Our station was broken into.


EMS Coordinator
wait a minute: so you, as a supervisor, would be ok with each person having a key, and a 3rd key being in the truck with the engine running, and the doors unlocked?

Once thing I have learned in all my time of employment (both in fire and ems and in corporate world) is that if you don't ask for something, the odds are very low of you getting what you want. This is especially true when management doesn't know what the field staff want, or hasn't ridden a truck in a while.

And no, I am not saying go into the directors office and demand change; however, if you walk into the director's office and say "hey mr director, why don't we have kills switches in our trucks? ambulance get stolen (and here are several examples), and we don't want to end up on that list. and if we turn off our trucks, they might not start up / the meds might go bad / the truck will be too hot or cold for our patients. Is there a reason why we don't, other than 'well, we have never needed them before, so why do we need them now?' or simply because no one has ever asked for them beforehand?" he director might say "well, we don't have it in the budget for this year, but maybe we can get them during the next fiscal year."

It's 2019; I would have thought this security issue was handled post 9/11 among the majority of 911 ambulances..... apparently I was wrong.
I’m not sure what you’re looking for. I feel like we’ve reached the point in the conversation where no perspective but your own is correct.


Forum Ride Along
Hey guys!

So I have a bit of a situation that I need some thoughts and opinions about.

Today when I came into work I found out that one of my services stations was broken into last night. A crew member heard some noises coming from the supply room at around 3AM and went to investigate. Turns out there was an intruder. The intruder saw the crew member and fled out of the station the way he came in.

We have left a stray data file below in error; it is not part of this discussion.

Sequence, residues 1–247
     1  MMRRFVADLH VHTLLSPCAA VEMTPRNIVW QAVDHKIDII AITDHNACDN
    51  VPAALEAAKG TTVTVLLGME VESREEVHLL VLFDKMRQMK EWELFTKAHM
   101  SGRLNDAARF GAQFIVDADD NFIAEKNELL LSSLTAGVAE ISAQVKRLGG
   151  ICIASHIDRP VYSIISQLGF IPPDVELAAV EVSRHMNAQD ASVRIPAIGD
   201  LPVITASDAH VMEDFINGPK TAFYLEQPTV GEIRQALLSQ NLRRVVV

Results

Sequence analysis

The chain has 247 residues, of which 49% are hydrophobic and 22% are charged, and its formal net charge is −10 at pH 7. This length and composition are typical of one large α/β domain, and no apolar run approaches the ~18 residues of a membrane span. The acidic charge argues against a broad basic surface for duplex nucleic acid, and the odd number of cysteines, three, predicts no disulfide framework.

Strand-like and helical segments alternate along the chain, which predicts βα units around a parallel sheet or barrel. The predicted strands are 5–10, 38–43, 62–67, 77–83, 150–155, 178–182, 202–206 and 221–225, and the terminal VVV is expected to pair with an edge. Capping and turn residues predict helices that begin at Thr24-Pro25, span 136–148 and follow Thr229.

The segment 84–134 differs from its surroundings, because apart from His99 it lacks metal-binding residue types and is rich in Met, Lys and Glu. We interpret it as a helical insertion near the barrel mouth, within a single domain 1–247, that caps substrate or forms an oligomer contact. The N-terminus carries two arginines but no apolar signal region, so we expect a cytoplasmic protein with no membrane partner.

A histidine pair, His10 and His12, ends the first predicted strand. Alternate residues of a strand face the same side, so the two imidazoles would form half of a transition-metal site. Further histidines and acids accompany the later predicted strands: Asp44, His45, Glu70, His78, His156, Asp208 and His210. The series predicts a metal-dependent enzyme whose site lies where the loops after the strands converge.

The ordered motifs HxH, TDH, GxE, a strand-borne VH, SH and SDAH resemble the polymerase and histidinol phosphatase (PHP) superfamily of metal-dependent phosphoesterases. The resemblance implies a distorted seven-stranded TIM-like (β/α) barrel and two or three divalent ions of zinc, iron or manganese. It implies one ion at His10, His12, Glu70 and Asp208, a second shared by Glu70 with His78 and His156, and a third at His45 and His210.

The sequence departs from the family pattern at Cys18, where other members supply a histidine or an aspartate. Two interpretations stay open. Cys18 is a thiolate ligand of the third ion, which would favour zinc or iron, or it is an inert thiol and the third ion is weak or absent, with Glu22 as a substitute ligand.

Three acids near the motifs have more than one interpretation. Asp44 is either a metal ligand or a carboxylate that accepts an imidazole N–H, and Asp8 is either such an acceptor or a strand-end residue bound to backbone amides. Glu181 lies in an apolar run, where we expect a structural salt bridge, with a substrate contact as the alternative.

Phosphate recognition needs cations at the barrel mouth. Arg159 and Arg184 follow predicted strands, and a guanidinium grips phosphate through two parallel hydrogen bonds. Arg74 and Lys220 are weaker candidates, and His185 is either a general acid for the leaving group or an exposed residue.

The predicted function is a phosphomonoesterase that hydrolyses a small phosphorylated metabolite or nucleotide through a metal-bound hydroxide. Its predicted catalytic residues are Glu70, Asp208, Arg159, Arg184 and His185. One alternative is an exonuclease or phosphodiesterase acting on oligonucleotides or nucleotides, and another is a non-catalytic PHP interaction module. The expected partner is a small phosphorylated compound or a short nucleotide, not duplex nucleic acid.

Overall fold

How he got into the station was through the garage. The garage door is broken (and has been for months) and does not shut all the way. It's open enough that someone can easily push the door up a little and squeeze under it. The supply room is right off of the garage and that particular door doesn't have any type of lock so the intruder was easily able to slip under the garage door and enter the station.

This morning our assistant director found out and told me he was headed over to that station to install some locks on the door. Later today I asked the medic working at that station it the door got fixed. Apparently the assistant director got there and made a few suggestions on how to secure the garage. When the crew pointed out why those suggestions wouldn't work the assistant director then told the medic to just go buy a padlock and put it on the track of the garage door and then left. There isn't even a way to put a padlock on the track. The crew ended up forcing the door closed and shoved some metal rods in the track so the door can't be lifted up.

I still didn't like the idea of the supply room door not being lockable and was worried about their safety so I ended up buying some bolt locks and taking it over to their station. I then contacted the fire department to help install them since I didn't have the tools required for the job. I also walked the entire station and quadruple checked every door to make sure the station was secured. As I was chatting with the medic and combing through the station he pointed out a gun that an officer had left in the medic room last night for extra protection.

I am so beside myself right now. How could the assistant director just leave and not make sure the crew was safe?? I want to write a complaint about this situation, but I'm not even sure who to write it to or if it'll even matter. Both my director and my assistant director have a very "not my station, not my problem" sort of attitude so I feel like if I complain to my director it'll just fall on deaf ears. I could possibly climb higher and complain to the board, but they're all tight with my director and I feel like somehow it'll just end up bad for me. I just don't understand how management can act so nonchalant and uncaring about this situation. What if something had happened to the crew last night? What if the intruder comes back? I just feel like my hands are tied and there isn't much more I can do.
Hello. So I have worked some private services with most of my time being in small town EMS. I must say I have seen some neglect to the the city stations I was in. Now as the LT EMS coordinator for a small town Fire dept. There is no way that would be tolerated in my station My Chief is great with the security of everyone on the dept but the station as well. I know some things did happen before I got there ( 10 years now } with over twice that in EMS but now with a very good roster it has not happened again. I guess I'm saying just no excuse for not minding the house as it were. Thanks